Photograph of the week: Tegallalang, Bali


Located on the island of Bali, Tegallalang is without question one of the most unique landscapes you can witness in all of Indonesia. For centuries, the Balinese have cultivated rice in these beautiful terraces using the Subak System to irrigate the paddies. Although you have several options to witness this ingenious system, which is so important to the culture and way of life on the island, there are simply none quite as picturesque as the fields at Tegallalang.

Standing in the middle of the jungle at 600 metres above sea level, the site is only a fifteen-minute drive away from the popular centre of Ubud. Although these days the majority of Balinese in the area make their living through tourism, thousands still work in the rice fields day in, day out.

Rice is the staple of all Indonesian cuisine and is often described as the lifeblood of the Balinese. The cascading formation of rice terraces is key to cultivate the grain in these steep areas around Ubud. Each individual plot is called sawah and is contained by dykes of black earth. Water flows seamlessly from one plot to the next on waters glides contained in bamboo sleeves. Every farmer owning a sawah in Bali is a member of an agricultural society that controls the distribution of the precious irrigation water to its members.

Even though this site has become a hotspot for tourists, in the early morning it remains as tranquil as it’s been for hundreds of years. Visiting before 9 AM is highly recommended. Save for the clicks of a few cameras from the photographers who braved the sunrise wake-up call, all you can hear are the birds singing and the occasional howl of a monkey coming from deep inside the jungle.

To reach Tegallalang this early, the simplest way to go is on your own two wheels. You can rent a scooter from any accommodation in Ubud for only a few dollars per day and the road to the site is quite straightforward and in very good condition. Just don’t forget your helmet and international drivers license! If you aren’t comfortable on a scooter, you can always grab a taxi or hire a private driver for the day.

As photographers, it’s hard to imagine a more perfect location for sunrise than the site at Tegallalang. You can walk the paths here for hours, but we prefer to make our way to the far end of the site to appreciate its beauty with fewer people around. An extra donation to Wayan, who looks over our favourite part of the site, grants us access to shoot in a fenced-off portion of the terraces. From here, the drone gets launched high into the air to capture the majestic site with Mount Agung, the largest volcano on Bali, looming in the background.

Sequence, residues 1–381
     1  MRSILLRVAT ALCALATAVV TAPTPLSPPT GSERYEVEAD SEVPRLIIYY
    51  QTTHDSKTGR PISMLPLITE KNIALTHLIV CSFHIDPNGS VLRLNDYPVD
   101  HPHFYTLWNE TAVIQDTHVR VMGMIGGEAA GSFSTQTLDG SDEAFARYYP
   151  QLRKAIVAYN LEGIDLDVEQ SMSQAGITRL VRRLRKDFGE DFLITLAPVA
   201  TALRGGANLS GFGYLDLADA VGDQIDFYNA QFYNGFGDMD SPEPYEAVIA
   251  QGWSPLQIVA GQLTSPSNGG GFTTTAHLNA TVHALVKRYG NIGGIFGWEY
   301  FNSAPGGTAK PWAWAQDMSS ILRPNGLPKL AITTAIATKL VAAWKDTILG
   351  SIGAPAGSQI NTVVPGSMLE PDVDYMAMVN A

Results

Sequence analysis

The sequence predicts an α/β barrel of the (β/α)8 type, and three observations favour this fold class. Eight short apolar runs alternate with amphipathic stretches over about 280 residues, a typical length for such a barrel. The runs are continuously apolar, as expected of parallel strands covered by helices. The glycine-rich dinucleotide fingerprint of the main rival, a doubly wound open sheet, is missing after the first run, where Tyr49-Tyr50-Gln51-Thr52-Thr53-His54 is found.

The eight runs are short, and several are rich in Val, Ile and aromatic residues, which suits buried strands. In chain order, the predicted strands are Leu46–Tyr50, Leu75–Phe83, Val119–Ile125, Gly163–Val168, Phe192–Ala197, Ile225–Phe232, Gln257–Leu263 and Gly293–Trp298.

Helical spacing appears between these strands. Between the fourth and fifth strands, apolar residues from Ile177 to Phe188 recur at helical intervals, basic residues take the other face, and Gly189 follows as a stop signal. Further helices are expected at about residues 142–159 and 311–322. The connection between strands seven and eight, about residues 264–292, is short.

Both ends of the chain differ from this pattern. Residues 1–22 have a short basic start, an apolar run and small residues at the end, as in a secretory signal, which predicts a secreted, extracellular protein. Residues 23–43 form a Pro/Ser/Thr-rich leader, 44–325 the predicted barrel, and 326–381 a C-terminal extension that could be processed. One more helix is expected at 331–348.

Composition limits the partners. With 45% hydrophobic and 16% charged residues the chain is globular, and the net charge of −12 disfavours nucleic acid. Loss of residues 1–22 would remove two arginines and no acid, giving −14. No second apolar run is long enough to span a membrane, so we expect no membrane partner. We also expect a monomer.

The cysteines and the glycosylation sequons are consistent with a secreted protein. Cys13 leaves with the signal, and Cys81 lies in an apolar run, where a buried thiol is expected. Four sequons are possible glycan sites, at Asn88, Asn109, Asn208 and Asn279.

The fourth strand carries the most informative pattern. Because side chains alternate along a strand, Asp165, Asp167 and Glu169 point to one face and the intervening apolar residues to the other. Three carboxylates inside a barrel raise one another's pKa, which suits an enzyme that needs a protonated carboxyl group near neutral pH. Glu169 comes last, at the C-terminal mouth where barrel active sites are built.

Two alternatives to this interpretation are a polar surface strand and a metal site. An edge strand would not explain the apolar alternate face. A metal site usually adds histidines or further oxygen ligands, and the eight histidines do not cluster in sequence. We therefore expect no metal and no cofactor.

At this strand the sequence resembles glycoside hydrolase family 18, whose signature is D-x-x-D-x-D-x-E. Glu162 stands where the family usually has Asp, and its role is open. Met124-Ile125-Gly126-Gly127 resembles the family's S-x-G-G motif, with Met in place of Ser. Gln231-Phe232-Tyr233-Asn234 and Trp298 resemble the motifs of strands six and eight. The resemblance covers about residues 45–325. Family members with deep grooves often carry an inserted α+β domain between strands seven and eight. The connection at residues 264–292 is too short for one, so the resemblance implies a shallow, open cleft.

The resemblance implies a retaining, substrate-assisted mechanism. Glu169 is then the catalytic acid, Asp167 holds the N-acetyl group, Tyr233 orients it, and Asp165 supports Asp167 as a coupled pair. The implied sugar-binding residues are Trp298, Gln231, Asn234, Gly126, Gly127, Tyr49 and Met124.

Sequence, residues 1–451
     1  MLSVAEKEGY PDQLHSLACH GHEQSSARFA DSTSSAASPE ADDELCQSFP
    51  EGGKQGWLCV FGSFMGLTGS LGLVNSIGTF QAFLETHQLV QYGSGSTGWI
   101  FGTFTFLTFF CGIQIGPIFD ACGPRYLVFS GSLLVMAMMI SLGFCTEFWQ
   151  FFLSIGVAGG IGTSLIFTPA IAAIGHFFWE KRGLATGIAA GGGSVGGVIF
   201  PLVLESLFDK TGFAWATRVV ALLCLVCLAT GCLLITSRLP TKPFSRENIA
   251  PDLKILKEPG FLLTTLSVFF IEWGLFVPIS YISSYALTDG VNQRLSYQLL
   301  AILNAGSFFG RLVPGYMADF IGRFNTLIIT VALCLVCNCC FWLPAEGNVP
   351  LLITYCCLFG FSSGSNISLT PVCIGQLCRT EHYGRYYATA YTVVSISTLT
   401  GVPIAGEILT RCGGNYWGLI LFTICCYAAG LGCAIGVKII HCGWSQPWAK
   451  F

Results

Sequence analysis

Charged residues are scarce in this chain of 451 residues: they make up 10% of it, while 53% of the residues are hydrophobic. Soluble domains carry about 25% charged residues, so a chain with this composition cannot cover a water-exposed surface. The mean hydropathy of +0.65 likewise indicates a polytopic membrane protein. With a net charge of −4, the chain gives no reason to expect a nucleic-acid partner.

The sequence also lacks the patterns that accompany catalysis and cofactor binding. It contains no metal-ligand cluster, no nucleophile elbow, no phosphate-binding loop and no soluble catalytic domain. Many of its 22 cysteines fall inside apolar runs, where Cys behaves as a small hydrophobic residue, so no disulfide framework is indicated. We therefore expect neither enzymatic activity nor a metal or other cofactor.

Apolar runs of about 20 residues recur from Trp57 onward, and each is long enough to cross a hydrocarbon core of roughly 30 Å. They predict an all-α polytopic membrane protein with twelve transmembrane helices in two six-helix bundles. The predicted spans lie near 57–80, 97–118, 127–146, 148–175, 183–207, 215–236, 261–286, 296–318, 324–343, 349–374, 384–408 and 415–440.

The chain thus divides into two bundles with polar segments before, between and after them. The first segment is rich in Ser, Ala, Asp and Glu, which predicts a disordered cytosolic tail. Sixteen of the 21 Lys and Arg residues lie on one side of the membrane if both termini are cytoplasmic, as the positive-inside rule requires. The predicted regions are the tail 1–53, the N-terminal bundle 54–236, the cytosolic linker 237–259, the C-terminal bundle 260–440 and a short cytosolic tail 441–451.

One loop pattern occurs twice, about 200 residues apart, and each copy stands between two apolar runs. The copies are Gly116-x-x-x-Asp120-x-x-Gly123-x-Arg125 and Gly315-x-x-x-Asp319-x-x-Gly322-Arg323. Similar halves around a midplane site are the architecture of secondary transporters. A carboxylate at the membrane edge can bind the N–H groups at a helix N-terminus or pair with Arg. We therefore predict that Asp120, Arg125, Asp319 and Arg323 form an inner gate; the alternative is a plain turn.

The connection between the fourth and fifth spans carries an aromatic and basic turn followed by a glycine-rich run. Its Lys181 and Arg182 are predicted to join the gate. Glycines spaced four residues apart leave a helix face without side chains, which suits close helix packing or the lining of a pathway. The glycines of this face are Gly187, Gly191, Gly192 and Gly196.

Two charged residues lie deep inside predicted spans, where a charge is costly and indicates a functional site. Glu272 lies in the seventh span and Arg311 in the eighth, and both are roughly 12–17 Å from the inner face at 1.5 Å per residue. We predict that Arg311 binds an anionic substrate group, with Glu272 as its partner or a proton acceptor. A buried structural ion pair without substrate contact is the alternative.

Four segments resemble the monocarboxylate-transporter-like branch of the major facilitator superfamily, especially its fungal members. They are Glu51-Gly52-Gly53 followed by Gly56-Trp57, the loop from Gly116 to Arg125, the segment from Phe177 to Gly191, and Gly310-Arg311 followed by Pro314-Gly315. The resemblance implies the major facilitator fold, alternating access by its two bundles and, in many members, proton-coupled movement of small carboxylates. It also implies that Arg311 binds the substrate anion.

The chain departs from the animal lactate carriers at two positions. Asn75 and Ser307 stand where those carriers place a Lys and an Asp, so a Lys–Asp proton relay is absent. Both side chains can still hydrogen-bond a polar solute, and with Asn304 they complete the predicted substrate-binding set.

Thank you to Sam Dowal of mapping along for permission to share the photograph.

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Comments (7)

  1. Jen says:

    The private driver option for the day may sound quite extravagant but it’s always worked for me. Over the day you usually build up some sort of relationship with the driver. If the driver’s English is reasonable or if you can speak the local language you can often get a lot of insight into the local customs and way of life. It’s a good way of finding out what local people are really thinking.

  2. Karen Morris says:

    One of the great things about travelling is that you can sometimes learn about skills that the First World has forgotten. Although I haven’t seen it in action, the Subak System for irrigation, sounds to be a environmentally responsible system. We can learn a lot from such sustainable operations, it’s also good that the rice farmers take responsibility for ensuring that its run fairly.

  3. Angela Richardson says:

    Great tip on going early and renting a scooter to get there. I hadn’t thought about a licence for one of those, good point.That’s when I’d like to go though, before the crowds when it’s more tranquil so you can really appreciate the atmosphere and the view. My partner’s friend moved to Bali about two years ago now so I imagine he’s been to Tegallalang a few times. He loves the place, hence the move.

  4. Steve says:

    This picture really shows the advantages of drone photography. A drone can get you to angles and elevations that would be difficult otherwise. Really drones are giving us whole new ways of seeing the world, nowadays we’re getting the birds eye views.

  5. Ruby Jane says:

    I’ve read about these rice terraces in Tegallalang before, I imagine those are one of the biggest tourist hotspots there. Never would have thought rice cultivation could look so beautiful. So every farmer owning one of these sawahs has to sign up to a specific agricultural society to get the right amount of water for irrigating the land? I guess that’s a good way to make things a little more equal and stave off potential water shortages.

  6. Kate Comer says:

    Great tip on getting there early in the day. Later on when the tour buses roll in to see the rice terraces it can get hectic. Beautiful photograph and I wish I could fly a drone!

  7. Percy Nguyen says:

    Bali never fails to amaze me and I always find the island so marvelous. There are so many beautiful sceneries that will make you love the country even more. They have these stunning beaches with crystal clear waters and amazing sunsets, not to mention, the accommodations are very affordable even the 5 and 4-star hotels. You can really loosen up, relax, and forget all your troubles. I’ve had the opportunity to visit the rice terraces and go on their famous Bali Swings (by the way, there are so many around the region). It actually reminds me of the Banaue Rice Terraces in the Philippines. They’re very famous as well and worth a visit if you are into nature and venturing into far-off places. Both require you to travel on the road for hours, though Banaue takes longer.

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